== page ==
5 Most Common Myths About the Cold


Chicken soup
Can a bowl of chicken soup help fight a cold? Maybe: Some research suggests it could relieve inflammation.

Feed a cold, starve a fever
Being sick often kills your appetite; force-feeding won't help. What will help is staying hydrated and getting enough calories. A 2008 study in the Journal of Nutrition found that mice exposed to the flu took longer to recover and were more likely to suffer ill effects if they were on a low-calorie diet. Skip dieting until after flu season.

You'll get sick if don't wear a coat

Not likely. Colds and flu are caused by viruses. They do circulate during cold-weather seasons, but you're more likely to pick them up inside than out. In fact, going outside and getting more physical activity—and not just during cold and flu season—may help prevent sickness.

Vicks VapoRub in your socks cures coughs
In 2007, a widely circulated email recommended putting Vicks VapoRub on children’s feet at night and covering them with socks to cure coughs; it became an Internet sensation. The email identified the source of the miracle cure as the “Canada Research Council,” which prompted the National Research Council of Canada to issue a statement saying it had nothing to do with the email or its advice. VapoRub, which is usually applied to a child’s chest or throat, releases vapors that are intended to relieve cough symptoms when inhaled—so it seems far-fetched that it would work if it's in your socks.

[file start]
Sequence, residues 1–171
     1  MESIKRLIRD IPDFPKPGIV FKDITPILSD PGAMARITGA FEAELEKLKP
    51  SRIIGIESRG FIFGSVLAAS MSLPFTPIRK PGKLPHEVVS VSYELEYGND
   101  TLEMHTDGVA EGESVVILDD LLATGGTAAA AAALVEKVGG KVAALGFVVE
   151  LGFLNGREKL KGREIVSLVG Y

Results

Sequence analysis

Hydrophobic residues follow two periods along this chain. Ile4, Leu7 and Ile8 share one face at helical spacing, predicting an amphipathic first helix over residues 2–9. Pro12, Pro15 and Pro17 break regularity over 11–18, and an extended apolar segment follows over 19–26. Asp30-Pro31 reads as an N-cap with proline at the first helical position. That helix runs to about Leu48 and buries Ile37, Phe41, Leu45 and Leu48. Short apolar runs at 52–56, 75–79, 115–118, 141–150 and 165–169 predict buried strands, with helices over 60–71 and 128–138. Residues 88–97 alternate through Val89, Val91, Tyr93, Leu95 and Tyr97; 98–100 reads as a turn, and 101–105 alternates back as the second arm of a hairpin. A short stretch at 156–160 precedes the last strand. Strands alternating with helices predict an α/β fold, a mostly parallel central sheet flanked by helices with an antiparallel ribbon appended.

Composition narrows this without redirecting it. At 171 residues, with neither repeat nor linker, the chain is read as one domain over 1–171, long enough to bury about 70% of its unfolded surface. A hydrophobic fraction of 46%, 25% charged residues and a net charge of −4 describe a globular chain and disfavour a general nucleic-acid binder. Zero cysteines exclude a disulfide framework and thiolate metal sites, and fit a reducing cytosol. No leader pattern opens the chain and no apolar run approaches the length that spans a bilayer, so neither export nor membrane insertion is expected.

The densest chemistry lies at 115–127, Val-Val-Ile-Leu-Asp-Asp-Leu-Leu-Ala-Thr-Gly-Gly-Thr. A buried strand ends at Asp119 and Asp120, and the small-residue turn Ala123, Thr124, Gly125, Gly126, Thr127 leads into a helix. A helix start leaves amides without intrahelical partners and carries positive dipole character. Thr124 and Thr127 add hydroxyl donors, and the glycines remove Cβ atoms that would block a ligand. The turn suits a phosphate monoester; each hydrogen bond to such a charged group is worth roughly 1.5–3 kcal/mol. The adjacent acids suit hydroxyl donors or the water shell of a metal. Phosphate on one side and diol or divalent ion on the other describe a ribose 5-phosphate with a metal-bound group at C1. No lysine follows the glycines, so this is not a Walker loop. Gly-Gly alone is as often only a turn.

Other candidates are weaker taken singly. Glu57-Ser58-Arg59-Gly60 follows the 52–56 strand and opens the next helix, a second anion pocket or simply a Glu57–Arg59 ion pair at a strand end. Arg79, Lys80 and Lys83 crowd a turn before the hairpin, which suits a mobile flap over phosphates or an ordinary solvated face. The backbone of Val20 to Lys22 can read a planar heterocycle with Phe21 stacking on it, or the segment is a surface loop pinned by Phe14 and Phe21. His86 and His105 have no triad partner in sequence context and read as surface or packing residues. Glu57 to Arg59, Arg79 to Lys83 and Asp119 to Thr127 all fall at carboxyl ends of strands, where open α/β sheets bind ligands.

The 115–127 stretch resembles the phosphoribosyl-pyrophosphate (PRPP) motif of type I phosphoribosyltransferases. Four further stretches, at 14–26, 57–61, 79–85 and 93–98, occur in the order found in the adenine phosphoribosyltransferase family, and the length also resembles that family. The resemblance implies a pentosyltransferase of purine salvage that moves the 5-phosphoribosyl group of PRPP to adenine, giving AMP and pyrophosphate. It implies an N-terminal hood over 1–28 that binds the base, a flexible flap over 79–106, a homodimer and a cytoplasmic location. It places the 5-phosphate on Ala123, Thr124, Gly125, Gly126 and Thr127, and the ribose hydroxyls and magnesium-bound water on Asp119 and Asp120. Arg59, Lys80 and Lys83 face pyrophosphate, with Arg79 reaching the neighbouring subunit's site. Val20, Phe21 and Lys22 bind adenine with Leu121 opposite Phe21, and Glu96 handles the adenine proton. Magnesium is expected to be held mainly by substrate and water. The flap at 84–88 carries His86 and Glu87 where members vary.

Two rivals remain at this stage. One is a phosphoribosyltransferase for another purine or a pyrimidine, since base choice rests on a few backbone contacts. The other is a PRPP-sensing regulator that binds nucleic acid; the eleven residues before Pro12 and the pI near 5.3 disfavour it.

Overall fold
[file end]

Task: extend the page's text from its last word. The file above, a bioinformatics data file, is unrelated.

A wet head can make you sick
You’ll probably feel chilly if you skip the blow-dry on a cold day, but not much else will happen. Again, colds are caused by a virus. Unless you are so cold that you get hypothermia, which could make you susceptible to infection, wet hair or clothes won’t increase your vulnerability.